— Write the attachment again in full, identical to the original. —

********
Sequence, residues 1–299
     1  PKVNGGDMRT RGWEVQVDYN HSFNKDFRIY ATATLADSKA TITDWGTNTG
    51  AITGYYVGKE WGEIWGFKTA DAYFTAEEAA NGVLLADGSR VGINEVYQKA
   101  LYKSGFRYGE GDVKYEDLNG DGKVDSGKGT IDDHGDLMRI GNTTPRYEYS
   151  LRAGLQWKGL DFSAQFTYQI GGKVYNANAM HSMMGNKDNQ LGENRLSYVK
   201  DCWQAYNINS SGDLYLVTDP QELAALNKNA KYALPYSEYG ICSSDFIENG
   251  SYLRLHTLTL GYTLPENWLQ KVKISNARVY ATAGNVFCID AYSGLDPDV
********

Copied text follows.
Sequence, residues 1–299
     1  PKVNGGDMRT RGWEVQVDYN HSFNKDFRIY ATATLADSKA TITDWGTNTG
    51  AITGYYVGKE WGEIWGFKTA DAYFTAEEAA NGVLLADGSR VGINEVYQKA
   101  LYKSGFRYGE GDVKYEDLNG DGKVDSGKGT IDDHGDLMRI GNTTPRYEYS
   151  LRAGLQWKGL DFSAQFTYQI GGKVYNANAM HSMMGNKDNQ LGENRLSYVK
   201  DCWQAYNINS SGDLYLVTDP QELAALNKNA KYALPYSEYG ICSSDFIENG
   251  SYLRLHTLTL GYTLPENWLQ KVKISNARVY ATAGNVFCID AYSGLDPDV